Wednesday, April 8, 2015

Paper: Process visualization techniques for multi-perspective process comparisons

Have just had the paper "Process visualization techniques for multi-perspective process comparisons" accepted for AP-BPM, written with Azzurra Pini (Politecnico Milano), and Moe Wynn (QUT).  This is an outcome of Azzurra's work as an intern with us at QUT in 2014.  the paper is stored here, please contact me if you want a copy.

Abstract - Organizations executing similar business processes need to understand the differences and similarities in activities performed across work environments. Presently, research interest is directed towards the potential of visualization for the display of process models, to support users in their analysis tasks. Although recent literature in process mining and comparison provide several methods and algorithms to perform process and log comparison, few contributions explore novel visualization techniques. This paper analyzes process comparison from a design perspective, providing some practical visualization techniques as analysis solutions. In order to support the needs of business analysts the design of the visual comparison has been tackled via three different points of view: the general model, the superimposed model and the side-by-side comparison. A case study is presented showing a preliminary evaluation of the application of process mining and visualization techniques to patient treatment across two Australian hospitals.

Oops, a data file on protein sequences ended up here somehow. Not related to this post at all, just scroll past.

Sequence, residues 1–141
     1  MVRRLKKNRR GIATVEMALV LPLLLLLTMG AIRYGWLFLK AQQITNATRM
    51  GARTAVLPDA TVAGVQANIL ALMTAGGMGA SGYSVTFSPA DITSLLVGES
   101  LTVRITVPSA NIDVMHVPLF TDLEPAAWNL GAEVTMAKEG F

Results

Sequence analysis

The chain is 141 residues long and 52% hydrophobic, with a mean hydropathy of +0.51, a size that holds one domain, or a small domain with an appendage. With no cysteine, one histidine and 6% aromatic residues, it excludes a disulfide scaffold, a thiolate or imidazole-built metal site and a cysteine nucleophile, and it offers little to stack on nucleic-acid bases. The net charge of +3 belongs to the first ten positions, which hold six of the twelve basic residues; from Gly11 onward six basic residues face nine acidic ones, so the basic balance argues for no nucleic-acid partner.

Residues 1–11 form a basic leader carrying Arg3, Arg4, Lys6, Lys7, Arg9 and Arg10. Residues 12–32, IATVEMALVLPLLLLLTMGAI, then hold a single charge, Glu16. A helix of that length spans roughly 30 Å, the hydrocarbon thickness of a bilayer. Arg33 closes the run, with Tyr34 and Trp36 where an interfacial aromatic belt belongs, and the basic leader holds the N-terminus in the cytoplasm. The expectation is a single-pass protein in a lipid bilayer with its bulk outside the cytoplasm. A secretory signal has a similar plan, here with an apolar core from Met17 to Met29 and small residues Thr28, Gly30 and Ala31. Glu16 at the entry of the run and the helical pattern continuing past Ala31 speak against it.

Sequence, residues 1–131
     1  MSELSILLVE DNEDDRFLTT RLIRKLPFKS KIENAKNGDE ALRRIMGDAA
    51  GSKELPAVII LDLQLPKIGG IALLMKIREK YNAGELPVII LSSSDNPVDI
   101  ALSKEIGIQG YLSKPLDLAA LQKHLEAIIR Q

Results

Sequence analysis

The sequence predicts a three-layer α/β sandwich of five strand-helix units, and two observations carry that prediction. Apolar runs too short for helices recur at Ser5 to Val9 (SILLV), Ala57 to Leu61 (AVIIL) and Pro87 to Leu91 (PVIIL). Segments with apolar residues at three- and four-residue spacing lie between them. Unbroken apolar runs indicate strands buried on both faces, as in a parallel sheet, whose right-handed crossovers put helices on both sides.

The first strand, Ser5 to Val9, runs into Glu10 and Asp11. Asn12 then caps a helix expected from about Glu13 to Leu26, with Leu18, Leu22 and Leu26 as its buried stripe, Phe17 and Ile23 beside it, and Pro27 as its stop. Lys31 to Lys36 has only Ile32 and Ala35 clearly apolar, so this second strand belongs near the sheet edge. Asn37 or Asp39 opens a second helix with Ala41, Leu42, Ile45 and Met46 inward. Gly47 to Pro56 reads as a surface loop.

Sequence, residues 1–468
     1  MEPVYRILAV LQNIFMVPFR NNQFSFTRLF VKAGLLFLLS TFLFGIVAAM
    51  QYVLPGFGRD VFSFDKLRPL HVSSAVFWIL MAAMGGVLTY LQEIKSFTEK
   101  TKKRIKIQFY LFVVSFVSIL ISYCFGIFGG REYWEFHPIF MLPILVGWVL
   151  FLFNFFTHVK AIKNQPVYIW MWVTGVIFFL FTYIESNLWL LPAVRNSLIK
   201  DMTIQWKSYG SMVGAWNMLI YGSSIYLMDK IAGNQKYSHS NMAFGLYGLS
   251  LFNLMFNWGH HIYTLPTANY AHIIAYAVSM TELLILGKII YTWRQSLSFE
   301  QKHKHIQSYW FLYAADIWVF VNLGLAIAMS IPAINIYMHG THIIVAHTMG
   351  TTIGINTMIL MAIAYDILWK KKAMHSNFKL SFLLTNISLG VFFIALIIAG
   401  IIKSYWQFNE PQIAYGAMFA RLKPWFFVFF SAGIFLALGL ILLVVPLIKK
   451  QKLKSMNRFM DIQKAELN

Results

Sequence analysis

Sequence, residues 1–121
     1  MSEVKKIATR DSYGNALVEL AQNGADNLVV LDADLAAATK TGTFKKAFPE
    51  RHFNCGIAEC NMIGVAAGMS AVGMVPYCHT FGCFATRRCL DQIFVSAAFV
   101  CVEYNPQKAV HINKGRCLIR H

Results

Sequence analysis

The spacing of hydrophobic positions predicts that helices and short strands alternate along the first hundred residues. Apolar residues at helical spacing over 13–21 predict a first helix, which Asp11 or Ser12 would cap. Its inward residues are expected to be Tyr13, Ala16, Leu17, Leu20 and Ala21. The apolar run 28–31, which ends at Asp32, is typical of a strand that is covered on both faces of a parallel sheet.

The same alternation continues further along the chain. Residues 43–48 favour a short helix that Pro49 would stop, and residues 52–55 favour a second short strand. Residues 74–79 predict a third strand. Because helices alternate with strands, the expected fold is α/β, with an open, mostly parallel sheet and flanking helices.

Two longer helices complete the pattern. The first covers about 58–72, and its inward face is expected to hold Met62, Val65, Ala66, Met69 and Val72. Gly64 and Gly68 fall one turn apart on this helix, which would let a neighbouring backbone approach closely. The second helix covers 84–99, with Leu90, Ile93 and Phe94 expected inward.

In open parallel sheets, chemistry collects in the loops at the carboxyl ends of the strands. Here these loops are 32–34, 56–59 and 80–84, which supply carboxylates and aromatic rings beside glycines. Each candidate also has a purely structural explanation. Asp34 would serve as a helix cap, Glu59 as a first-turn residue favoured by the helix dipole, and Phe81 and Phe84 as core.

Sunday, April 5, 2015

Paper Review: A Quantum Information Retrieval Approach to Memory

A Quantum Information Retrieval Approach to Memory

Kirsty Kitto, Peter Bruza, Liane Gabora

Neural Networks (IJCNN), The 2012 International Joint Conference on

DOI: 10.1109/IJCNN.2012.6252492

Abstract—As computers approach the physical limits of in- formation storable in memory, new methods will be needed to further improve information storage and retrieval. We propose a quantum inspired vector based approach, which offers a contextually dependent mapping from the subsymbolic to the symbolic representations of information. If implemented computationally, this approach would provide exceptionally high density of information storage, without the traditionally required physical increase in storage capacity. The approach is inspired by the structure of human memory and incorporates elements of Gaerdenfors’ Conceptual Space approach and Humphreys et al.’s matrix model of memory.

This paper detail's Bruza, Kitto and Gabora's matrix model of memory.  Peter Bruza is also a colleague of mine at QUT. :-)

The key components I find interesting are the relationship between symbolic and subsymbolic levels, and its movement towards a distributed overlaid model of memory, that causes excitations in related symbolic entities/terms.  The matrix notation allows for a representation of context as a matrix of features, which via tensor product formalism,  allows for memory to be a distributed process, with activations of related terms.